Commercial fishing operators also have raised concerns about the impact of wind farms in the Atlantic Ocean, an area critical to the seafood industry.
David Frulla, a partner at the firm Kelley, Drye and Warren who represents the trade association for the Atlantic scallop fishery, said in an interview that his clients have warned federal officials for years about the risks posed by offshore wind development plans.
For example, the southeast tip of an area the administration has identified in the New York Bight called Hudson North intersects with a scallop fishing spot, he said. The eastern perimeter of a second area, Hudson South, is just at the edge of an important area for scallops, Frulla said. Altogether, he said, the scallop catch in the New York Bight is worth tens of millions of dollars a year.
“We were saying, ‘Don’t roll the dice,’ ” Frulla said. “They rolled the dice.”
The group Frulla represents, the Fisheries Survival Fund, has a case pending in the U.S. Court of Appeals for the District of Columbia Circuit that challenges a decision by the Obama administration to auction offshore leases in the New York region without first doing a complete environmental analysis. In that instance, federal officials said they did not have to conduct a full analysis until a company has proposed a construction and operations plan.
By delaying the analysis by several years, Frulla said, the government made it almost impossible to block the project. “Essentially it’s a foregone conclusion,” he said. “There’s so much investment.”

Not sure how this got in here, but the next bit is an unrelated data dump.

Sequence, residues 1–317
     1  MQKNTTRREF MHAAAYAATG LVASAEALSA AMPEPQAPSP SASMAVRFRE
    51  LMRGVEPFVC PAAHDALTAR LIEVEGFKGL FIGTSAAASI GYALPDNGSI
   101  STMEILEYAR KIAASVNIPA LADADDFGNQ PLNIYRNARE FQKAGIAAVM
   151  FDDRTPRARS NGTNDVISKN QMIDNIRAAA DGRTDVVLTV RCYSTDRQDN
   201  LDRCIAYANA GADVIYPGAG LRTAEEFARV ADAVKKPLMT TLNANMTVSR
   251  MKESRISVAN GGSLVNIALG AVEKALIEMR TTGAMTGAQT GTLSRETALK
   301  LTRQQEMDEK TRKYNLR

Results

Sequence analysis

Most environmental groups endorse offshore wind development, though Joel Merriman of the American Bird Conservancy said Monday that federal officials should analyze the impact on specific species. “This shows promise as a major step in combating climate change, but environmental impacts must be minimized,” he said.
President Donald Trump repeatedly disparaged wind energy, mostly referring to land-based wind turbines for killing birds and pulling down property values. But his administration held offshore lease sales in North Carolina and Massachusetts, and analyzed the Atlantic’s overall wind farm potential.
The Biden administration is moving ahead even faster. Earlier this month, the Interior Department approved an environmental review for Vineyard Wind, off the Massachusetts coast, which could become the nation’s first commercial-scale offshore wind project.
“For generations, we’ve put off the transition to green energy, and now we face a climate crisis,” Haaland told reporters. “It’s a crisis that doesn’t discriminate. … We must seize this tremendous opportunity.”
Darryl Fears contributed to this report.